1. Check your insurance
The first question you need to ask about a prospective birthing hospital is whether it’s covered by your health insurance. Although the Dubai Health Insurance Law of 2013 mandates health insurance coverage (including maternity) for all residents, not all insurers will cover treatment at every hospital, and often the amount may be capped, or may exclude certain things such as epidurals, emergency blood transfusions or elective C-sections. Check your policy thoroughly, and double-check anything you aren’t sure of with the insurance company: “Follow up any phone calls with your insurer with an email, to get the information in writing, and ask for a reply confirming what you understood,” says midwife Cecile de Scally from Malaak Mama & Baby Care. Finally, look at baby cover after the birth, advises Cecile. “Some packages will limit the care given to newborns.” While it’s uncomfortable to think about, make sure you know where you stand financially if your baby needs specialist care. “You need to discuss the possibility of neonatal intensive care (NICU) or complications, as a lot of companies do not cover these.”
2. Pick public or private
Depending on the level of maternity cover your insurer provides, you may have to choose between government (public) hospital and a private hospital to give birth. The latter generally offers private rooms and suites costing as much as Dh22,000, while government hospitals offer more affordable packages from around Dh6,000. To deliver at a government hospital, you need to have a valid health card (you can get the application form at the hospital), and the choice of hospital really depends on which one is closest to your residence. The two specially equipped maternity hospitals are Latifa Hospital (Bur Dubai, Satwa, Jumeirah, New Dubai, Safa, etc) and Dubai Hospital (for Deira and adjoining areas). Wherever you choose, ensure your chosen hospital has NICU facilities, says Cecile, who adds, “If you will be on a ward, ask how many mothers to a room? Enquire about the staff to mother ratio in labour and after,” says Cecile. And be warned: some public hospitals may limit access for husbands. “Find out where Dad would sleep, are his meals included or additional extras, how involved may he be?” adds Cecile.
3. Research your OB/GYN
All hospitals have their own in-house OB/GYNs and it is less expensive to use these in-house staff to deliver your baby than to bring in your own ‘community doctor’ from an external clinic, which will carry an extra fee (around Dh5,000 to Dh10,00). Nevertheless, the in-house staff at popular birth hospitals can often be busy and hard to get antenatal appointments with. Plus, some obstetricians who work within hospitals will be on a roster system, says Dru Campbell, head midwife and lactation consultant at HealthBay Polyclinic. “If they are not on duty when you go into labour, you may have the on-duty obstetrician caring for you. A community obstetrician will be on call for you 24 hours a day.” To narrow down your OB/GYN search, Google is your friend: reviews on forums or comments on Facebook groups such as Mums and Bumps Dubai or Real Mums Dubai can be enlightening. If you like the sound of someone, check their bio and credentials to get a sense of their style of practice, before booking an appointment to meet them in person. “Find out how their approach and policies will complement what you want from your birth,” says Dr Kiren Sahota, consultant family medicine, HealthBay Marina Branch. “Go with someone you feel comfortable with and who will be able to manage you as the patient you are.”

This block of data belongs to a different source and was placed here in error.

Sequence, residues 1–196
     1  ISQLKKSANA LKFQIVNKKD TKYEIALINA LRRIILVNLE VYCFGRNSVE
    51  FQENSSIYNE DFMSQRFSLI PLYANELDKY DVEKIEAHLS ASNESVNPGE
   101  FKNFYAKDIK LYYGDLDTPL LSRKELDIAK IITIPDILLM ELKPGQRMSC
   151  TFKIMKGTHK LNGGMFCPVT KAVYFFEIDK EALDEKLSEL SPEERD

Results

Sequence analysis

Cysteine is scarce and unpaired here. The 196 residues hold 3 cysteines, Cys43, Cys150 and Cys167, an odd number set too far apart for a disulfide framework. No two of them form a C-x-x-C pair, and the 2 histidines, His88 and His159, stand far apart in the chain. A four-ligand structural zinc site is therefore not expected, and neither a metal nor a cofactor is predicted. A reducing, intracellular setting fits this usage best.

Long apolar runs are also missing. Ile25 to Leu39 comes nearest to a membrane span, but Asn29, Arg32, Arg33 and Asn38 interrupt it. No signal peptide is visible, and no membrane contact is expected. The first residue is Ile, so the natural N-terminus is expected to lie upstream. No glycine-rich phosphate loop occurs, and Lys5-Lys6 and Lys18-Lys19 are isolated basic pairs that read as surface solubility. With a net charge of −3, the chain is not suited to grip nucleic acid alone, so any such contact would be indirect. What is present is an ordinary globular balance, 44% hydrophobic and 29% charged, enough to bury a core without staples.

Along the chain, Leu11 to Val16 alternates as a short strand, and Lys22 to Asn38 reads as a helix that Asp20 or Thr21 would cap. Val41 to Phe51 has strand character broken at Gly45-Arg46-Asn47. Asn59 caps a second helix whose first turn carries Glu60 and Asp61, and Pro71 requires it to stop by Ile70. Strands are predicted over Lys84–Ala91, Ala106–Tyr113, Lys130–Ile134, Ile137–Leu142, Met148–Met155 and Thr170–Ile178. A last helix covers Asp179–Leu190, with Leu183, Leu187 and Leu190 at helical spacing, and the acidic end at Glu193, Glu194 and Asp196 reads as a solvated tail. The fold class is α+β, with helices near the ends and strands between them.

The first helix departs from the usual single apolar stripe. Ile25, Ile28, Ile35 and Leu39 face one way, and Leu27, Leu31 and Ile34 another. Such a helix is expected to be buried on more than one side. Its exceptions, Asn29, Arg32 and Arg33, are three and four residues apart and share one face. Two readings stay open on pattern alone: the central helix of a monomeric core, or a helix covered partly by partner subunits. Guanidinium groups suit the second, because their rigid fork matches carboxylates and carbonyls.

4. See it with your own eyes
The best way to get a feel of a hospital’s overall approach to maternity care is through a visit to the labour ward. Most have regular weekly tours that you can turn up to on the day (they often don’t advertise these online so a quick phone call is necessary). These are usually led by the midwives, and this is a great opportunity to get to know them, as well as to gauge the hospital’s atmosphere and of course to ask questions. While the luxury of some of the private hospitals’ facilities can be tantalising (valet parking and Burj Al Arab views anyone?), it’s the quality of the medical care that is of the utmost importance, especially the NICU facilities. Consider asking questions like: How much support is available to you after the baby is born? Is there a qualified lactation consultant available to help you with breastfeeding? What’s the induction rate and the C-section rate? Are there any alternative birthing facilities (if you’re interested in these)? Are multiple birth partners or doulas allowed or discouraged?
5. Prepare your birth plan
Even at the best hospitals, a birthing plan or birth preferences list is vital in order to communicate clearly and easily how you wish to be treated during your labour and birth. In order to make an informed choice about your birthing plan, you need to understand what is available here in the UAE, so book yourself in for an antenatal course, which are offered at most hospitals and at external venues such as Malaak, Babies and Beyond and Healthbay Polyclinic. While you always need to keep an open mind when it comes to things such as labour drugs and medically necessary interventions, these classes will help you make an informed choice.
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